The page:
Community Interpreting

Community interpreting can involve interpreting in various contexts. For example, hospital appointments, child protection meetings, care plan review meetings, and interviews regarding benefits or housing.

Below are some tips you might find helpful if you are planning to become a community interpreter or would like to improve your skills as a community interpreter.

 

1. Create your glossary of terms

A Glossary of Terms is a list which you create to increase your knowledge and understanding of specific terms used in different sectors of the social welfare system of the country you work in. This list will also help you to memorise the meaning and the accurate translations of each term.

Some of the subjects that you will need to look in to when creating your glossary of terms include Health, Education, Benefits, Child Protection, and Immigration.

In the next couple of weeks, we will post a list of terms which you can include in your glossary of terms.

 

2. Be mindful of your body language as well as what you wear and where you sit

At times during your interpreting sessions, you might come across sensitive topics such as child abuse or information which you find disturbing. A professional interpreter has to be mindful of his/her body language in such situations as at times we convey various messages through our body movements without realising it.

Clothing:

Remember to dress appropriately, however, not too formally. The interpreter has to understand that the clients need to feel comfortable to share whatever information (e.g. about their illness) they need to pass on to the relevant professionals with the interpreter as well. Dressing too formally can at times make people feel uncomfortable in sharing personal information.

Seating:

Most of the time, the person arranging the meeting would have planned where everyone will sit. If, however, this has not been done, remember to pick a seat which is next to or near the person you are interpreting for.

 

3. Conduct your work in an anti discriminatory and non judgmental way (differentiate between your own views and what is being said)

When working as a community interpreter you will come across people from different backgrounds and people who might have been involved in various situations which you do not approve of, for example, in a child protection conference you might be interpreting for the parents who have been accused of abusing their children. It is beneficial for an interpreter to know the context of the session in advance and reflect on his/her own values, beliefs, and experiences in relation to the context prior to the session. This will help the interpreter to be able to differentiate his/her views from what is actually being said. At times, our experiences and beliefs can affect the messages we convey.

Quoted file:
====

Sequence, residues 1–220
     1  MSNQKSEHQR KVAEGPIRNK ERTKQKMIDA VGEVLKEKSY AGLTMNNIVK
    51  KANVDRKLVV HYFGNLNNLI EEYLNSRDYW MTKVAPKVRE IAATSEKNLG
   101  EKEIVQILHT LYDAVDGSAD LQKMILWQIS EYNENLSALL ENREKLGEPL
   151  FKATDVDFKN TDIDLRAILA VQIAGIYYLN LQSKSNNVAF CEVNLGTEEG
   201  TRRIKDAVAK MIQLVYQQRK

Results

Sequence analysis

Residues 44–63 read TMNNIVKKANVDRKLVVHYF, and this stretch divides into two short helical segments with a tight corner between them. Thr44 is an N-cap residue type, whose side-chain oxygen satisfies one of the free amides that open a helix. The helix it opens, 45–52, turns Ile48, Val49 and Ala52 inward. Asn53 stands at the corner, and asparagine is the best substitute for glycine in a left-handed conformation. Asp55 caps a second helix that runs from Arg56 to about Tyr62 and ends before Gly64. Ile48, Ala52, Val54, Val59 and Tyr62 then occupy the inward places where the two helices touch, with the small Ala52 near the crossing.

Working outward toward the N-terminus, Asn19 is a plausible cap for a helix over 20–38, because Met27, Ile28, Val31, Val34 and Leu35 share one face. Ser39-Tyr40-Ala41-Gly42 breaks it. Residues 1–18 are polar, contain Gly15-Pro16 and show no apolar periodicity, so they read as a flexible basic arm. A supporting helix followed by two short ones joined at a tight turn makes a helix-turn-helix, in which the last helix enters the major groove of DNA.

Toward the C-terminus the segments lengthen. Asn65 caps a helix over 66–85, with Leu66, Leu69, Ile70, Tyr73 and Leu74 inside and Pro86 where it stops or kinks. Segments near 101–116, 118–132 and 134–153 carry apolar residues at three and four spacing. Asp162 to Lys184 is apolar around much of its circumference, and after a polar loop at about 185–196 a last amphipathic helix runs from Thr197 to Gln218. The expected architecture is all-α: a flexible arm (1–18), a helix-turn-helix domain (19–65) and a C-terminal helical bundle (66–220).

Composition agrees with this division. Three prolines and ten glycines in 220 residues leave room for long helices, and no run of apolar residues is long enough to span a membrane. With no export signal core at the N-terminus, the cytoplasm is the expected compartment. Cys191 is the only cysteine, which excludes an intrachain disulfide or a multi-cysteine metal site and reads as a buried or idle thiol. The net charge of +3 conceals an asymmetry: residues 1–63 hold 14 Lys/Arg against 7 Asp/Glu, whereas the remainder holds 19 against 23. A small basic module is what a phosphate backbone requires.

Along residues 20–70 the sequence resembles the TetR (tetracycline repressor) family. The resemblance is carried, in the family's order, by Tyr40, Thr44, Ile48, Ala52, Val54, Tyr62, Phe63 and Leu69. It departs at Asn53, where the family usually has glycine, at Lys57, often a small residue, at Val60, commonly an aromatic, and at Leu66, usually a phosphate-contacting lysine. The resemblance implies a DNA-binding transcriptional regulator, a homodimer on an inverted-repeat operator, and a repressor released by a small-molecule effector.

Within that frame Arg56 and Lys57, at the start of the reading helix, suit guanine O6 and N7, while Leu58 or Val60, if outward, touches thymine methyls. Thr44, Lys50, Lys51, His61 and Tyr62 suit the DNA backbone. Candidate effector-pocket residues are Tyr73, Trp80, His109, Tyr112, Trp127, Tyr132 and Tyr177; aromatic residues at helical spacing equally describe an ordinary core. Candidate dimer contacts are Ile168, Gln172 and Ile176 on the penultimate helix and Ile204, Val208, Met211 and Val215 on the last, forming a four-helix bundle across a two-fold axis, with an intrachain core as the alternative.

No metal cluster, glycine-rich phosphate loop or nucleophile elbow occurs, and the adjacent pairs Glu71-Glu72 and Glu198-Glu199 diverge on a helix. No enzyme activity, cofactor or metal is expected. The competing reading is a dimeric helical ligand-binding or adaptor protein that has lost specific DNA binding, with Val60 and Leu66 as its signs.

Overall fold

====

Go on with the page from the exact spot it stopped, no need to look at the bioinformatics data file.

4. Get involved

Get involved in your local community to increase your understanding of different issues your local community might be experiencing.

 

5. Complete a community interpreting course

If you have not already done so, completing a community interpreting course can be very helpful. It will provide you the necessary qualification and confidence you need to carry out your work effectively.

If you are based in the UK, have a look at the links below for Community Interpreting courses. If you are based in Thailand, contact us and we will help to arrange relevant training for you.

http://www.london.wea.org.uk/community-interpreting

http://www.marywardcentre.ac.uk/courses/subject/community-interpreting-translation/

For Thailand visit: http://www.thaitiat.org